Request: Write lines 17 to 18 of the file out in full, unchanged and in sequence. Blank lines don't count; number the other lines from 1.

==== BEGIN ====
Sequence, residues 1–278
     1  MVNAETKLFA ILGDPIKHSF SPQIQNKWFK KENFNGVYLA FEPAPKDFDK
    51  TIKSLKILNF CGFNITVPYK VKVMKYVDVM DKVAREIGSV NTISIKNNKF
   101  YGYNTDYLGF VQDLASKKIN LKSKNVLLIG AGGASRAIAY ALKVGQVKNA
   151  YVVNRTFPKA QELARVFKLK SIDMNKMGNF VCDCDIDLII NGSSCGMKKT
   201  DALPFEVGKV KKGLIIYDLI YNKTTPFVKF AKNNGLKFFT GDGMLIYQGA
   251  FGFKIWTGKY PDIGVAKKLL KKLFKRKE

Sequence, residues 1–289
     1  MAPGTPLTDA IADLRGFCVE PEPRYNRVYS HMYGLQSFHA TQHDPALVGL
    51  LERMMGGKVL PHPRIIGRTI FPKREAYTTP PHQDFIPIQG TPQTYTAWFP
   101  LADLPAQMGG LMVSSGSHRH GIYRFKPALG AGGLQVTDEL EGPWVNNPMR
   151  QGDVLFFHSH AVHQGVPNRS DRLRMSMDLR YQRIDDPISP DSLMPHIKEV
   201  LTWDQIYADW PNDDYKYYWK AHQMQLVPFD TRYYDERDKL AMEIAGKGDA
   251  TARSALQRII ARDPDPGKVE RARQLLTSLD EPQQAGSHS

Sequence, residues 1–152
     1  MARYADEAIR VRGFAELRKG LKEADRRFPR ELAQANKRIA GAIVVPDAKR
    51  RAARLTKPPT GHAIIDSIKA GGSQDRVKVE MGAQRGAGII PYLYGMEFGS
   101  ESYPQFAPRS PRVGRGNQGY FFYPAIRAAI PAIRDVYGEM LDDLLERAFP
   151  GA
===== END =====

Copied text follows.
    51  RAARLTKPPT GHAIIDSIKA GGSQDRVKVE MGAQRGAGII PYLYGMEFGS
   101  ESYPQFAPRS PRVGRGNQGY FFYPAIRAAI PAIRDVYGEM LDDLLERAFP